Daniel Bennett over at the Center for College Affordability and Productivity has an item concerning this post from Monday about how for-profit colleges, or market-funded institutions (more on that in a second), make up a disproportionate share of borrowers and students who default. While he agrees with my suggestion that for-profits should publicly take on their default rate problems, he also falls into similar rhetoric used by the sector itself to justify its poor showing on the cohort measurement:
However, Miller doesn’t mention the most important cause of this–the market-funded sector (aka for-profit) enrolls a disproportionate share of disadvantaged (low-income and minority) students, as the below table that I developed for an article in Career College Central illustrates.
So what are the implications of this evidence? Many of these disadvantaged students come from less affluent families in which financial responsibility is likely not stressed from one generation to the next. They also are much less likely to have parents or peers who have direct knowledge of or experience with the college process, making it harder to navigate the complex world of applying to and funding higher ed. Such students are not likely to fully comprehend the consequences of failing to complete school or not paying their bills. These factors make disadvantaged students more susceptible to dropping out and defaulting on their loans.
I’ll get to the substance in a second, but let’s talk semantics first. Bennett refers to for-profit schools as the “market-funded sector.” It’s a clever turn of phrase, much like how colleges refer to grants given to incredibly wealthy students as “merit aid.” But it’s also quite misleading.
The fact of the matter is the for-profit sector is only viable insofar as it can get access to federal student aid. Take the biggest of these schools, the University of Phoenix, which is owned by the Apollo Group. According to its latest Securities and Exchange Commission filing, 86 percent of Apollo’s revenue comes from federally guaranteed student loans or Pell Grants, up from 82 percent a year ago. This is typical in the for-profit sector, where the amount of federal dollars they take in is steadily growing.
The usage of federal aid dollars by the for-profit sector has even led to a federal regulation known as the 90/10 rule. This regulation states that for-profit colleges and universities can derive no more than 90 percent of their revenue from federal student aid. These schools’ inability to stay under this threshold is the reason why they have spent large amounts of cash in successful lobbying efforts to gut this rule.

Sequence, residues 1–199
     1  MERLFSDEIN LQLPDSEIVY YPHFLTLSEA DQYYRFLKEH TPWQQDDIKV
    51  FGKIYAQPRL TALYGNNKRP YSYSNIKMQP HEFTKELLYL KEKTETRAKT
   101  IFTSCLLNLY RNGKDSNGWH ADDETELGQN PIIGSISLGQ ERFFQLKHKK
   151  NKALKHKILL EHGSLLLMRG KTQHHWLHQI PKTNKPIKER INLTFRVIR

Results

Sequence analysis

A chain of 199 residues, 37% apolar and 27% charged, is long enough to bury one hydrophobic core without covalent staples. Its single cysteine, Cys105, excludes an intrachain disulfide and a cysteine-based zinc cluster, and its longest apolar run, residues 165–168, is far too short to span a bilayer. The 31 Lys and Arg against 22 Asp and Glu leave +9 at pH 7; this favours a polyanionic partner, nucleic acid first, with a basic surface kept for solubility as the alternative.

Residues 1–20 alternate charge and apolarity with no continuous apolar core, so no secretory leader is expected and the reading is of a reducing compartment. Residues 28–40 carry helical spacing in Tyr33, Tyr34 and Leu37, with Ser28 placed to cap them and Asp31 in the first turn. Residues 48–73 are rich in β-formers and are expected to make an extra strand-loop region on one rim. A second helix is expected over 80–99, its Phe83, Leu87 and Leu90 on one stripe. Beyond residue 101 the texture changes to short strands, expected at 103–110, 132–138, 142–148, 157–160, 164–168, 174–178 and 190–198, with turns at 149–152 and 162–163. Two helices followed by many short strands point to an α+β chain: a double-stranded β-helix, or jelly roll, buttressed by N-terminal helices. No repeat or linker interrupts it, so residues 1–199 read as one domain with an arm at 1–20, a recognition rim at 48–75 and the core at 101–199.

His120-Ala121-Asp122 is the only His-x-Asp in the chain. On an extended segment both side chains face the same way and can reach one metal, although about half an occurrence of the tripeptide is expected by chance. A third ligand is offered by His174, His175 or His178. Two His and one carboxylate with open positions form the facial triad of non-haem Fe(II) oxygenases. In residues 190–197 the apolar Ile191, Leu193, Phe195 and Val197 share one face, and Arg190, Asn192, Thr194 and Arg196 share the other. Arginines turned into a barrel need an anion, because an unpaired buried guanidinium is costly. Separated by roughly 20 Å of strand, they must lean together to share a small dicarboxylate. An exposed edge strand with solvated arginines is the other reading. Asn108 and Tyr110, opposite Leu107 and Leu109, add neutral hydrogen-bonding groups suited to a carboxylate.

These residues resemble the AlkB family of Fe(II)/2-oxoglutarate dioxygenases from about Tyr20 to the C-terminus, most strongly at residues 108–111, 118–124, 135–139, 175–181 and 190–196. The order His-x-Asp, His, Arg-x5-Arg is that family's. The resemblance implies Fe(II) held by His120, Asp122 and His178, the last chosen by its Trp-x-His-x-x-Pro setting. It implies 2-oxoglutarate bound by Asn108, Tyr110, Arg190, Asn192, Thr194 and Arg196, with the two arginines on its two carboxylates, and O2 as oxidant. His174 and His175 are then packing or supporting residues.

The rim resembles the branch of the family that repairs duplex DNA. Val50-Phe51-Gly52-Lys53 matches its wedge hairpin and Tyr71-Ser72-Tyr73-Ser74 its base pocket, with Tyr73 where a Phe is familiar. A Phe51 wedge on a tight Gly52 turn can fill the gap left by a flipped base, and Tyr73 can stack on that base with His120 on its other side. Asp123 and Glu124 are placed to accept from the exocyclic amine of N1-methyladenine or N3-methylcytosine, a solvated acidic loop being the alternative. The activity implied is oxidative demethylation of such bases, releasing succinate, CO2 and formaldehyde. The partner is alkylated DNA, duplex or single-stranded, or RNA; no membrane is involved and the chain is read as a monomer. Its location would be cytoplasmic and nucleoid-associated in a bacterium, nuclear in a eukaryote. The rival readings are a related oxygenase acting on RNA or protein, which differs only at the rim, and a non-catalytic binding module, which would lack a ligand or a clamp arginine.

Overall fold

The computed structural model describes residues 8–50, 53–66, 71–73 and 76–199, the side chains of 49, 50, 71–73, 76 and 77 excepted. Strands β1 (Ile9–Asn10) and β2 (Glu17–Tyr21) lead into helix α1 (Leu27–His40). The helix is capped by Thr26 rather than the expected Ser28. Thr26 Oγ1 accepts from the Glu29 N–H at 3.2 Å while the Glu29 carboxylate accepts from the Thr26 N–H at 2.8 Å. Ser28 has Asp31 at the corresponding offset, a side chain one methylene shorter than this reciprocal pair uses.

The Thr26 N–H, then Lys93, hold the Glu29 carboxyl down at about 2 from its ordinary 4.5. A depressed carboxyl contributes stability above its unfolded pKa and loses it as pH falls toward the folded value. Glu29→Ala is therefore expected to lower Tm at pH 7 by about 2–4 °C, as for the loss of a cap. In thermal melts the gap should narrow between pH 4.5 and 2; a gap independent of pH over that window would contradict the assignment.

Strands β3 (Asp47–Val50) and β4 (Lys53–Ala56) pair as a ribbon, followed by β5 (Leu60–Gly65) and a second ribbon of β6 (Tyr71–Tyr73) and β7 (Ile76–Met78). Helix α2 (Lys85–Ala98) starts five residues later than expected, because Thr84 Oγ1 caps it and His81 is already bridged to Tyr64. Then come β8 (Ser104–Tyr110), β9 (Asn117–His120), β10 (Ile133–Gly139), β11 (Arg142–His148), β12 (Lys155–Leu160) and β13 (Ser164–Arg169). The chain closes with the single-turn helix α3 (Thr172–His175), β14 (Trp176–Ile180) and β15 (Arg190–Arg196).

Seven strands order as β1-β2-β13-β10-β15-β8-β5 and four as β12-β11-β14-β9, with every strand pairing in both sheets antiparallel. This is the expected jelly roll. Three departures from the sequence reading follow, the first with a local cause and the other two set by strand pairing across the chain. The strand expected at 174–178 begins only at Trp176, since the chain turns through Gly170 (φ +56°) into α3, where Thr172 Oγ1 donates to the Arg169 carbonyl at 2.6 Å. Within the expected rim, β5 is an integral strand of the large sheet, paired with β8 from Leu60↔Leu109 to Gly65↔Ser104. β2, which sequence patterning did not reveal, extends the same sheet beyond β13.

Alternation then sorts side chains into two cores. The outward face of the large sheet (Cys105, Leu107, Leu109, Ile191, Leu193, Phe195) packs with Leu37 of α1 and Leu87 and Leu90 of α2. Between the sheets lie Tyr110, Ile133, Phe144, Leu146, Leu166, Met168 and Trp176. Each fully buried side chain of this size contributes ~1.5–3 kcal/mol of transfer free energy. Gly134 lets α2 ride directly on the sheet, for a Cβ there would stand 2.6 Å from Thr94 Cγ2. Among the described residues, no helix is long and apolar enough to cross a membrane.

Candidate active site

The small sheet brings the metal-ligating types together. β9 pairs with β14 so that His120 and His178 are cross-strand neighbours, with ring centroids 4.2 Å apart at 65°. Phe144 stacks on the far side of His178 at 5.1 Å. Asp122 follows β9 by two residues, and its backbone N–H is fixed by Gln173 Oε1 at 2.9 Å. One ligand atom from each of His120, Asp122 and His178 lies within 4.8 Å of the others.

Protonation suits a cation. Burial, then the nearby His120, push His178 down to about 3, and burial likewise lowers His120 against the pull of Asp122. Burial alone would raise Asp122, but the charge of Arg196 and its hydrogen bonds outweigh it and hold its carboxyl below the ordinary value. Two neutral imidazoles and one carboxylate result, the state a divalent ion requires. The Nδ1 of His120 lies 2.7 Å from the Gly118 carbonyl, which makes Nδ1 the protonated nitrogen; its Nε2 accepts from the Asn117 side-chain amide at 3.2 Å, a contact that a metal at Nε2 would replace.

Now, I understand how Benett arrives at his market-funded term. Unlike public institutions, these schools do not receive direct state appropriations to finance operations. Nor, unlike not-for-profit schools, are they exempt from state and federal taxes. But that does not mean that they are not just as reliant on the federal government for their continued existence. Were Congress to pass a law tomorrow saying “no for-profit institution can access the federal student aid programs,” the sector would be largely bankrupt by the end of the workday. In that respect, for-profits are no more market-funded than your average community college.
But I digress.
I always find it interesting when for-profit institutions argue that their default rates are largely the product of demographic factors. For-profit colleges sell themselves as opening up new doors for students who want to launch a career in any number of fields. Presumably, providing this opportunity should lead to financial betterment and thus justify the expense of paying for the education that makes it possible to obtain that new job. At the same time, these schools then turn around and claim that their students come from low-income backgrounds so in large numbers they will not be able to achieve these dreams and will instead drop out and likely default. So which is it? Either the school can provide this opportunity, or it simply cannot. If it’s somewhere in the middle then maybe they would be better off marketing themselves as kind of a higher education lottery—spend $30,000 at a chance to make it big or lose it all.
The more interesting question, though, is why for-profit schools enroll so many low-income students in the first place. Discussions saying that these schools cannot be blamed for their default rates due to student demographics suggest that it’s almost some accidental occurrence. But surely the fact that Phoenix, for example, spends over $100 million a year on advertising, is the biggest purchaser of online ads, and has a stadium named after itself, plays some role in determining who these schools attract.
So let’s follow the logic: for-profit schools spend millions of dollars in aggressively marketing themselves, especially to lower-income students; these efforts pay off and lower-income students enroll; but when these students leave school and default on their debt, this is solely a result of demographic factors that the school cannot control. That’s a ridiculous line of argumentation. Either take responsibility for the students you enroll or don’t go out of your way to market and enroll them.
Fortunately, as Kevin pointed out on Monday, not all for-profit institutions are playing such twisted logic games. Arthur Benjamin, the chief executive of ATI Career Training Center cited the lack of the lack of loan-counseling for students beyond a certain time frame as the reason for his school’s large default rate. That kind of approach, rather than a refusal to take responsibility for the logical outcomes of recruitment and advertising tactics, seems like a better approach to dealing with defaults.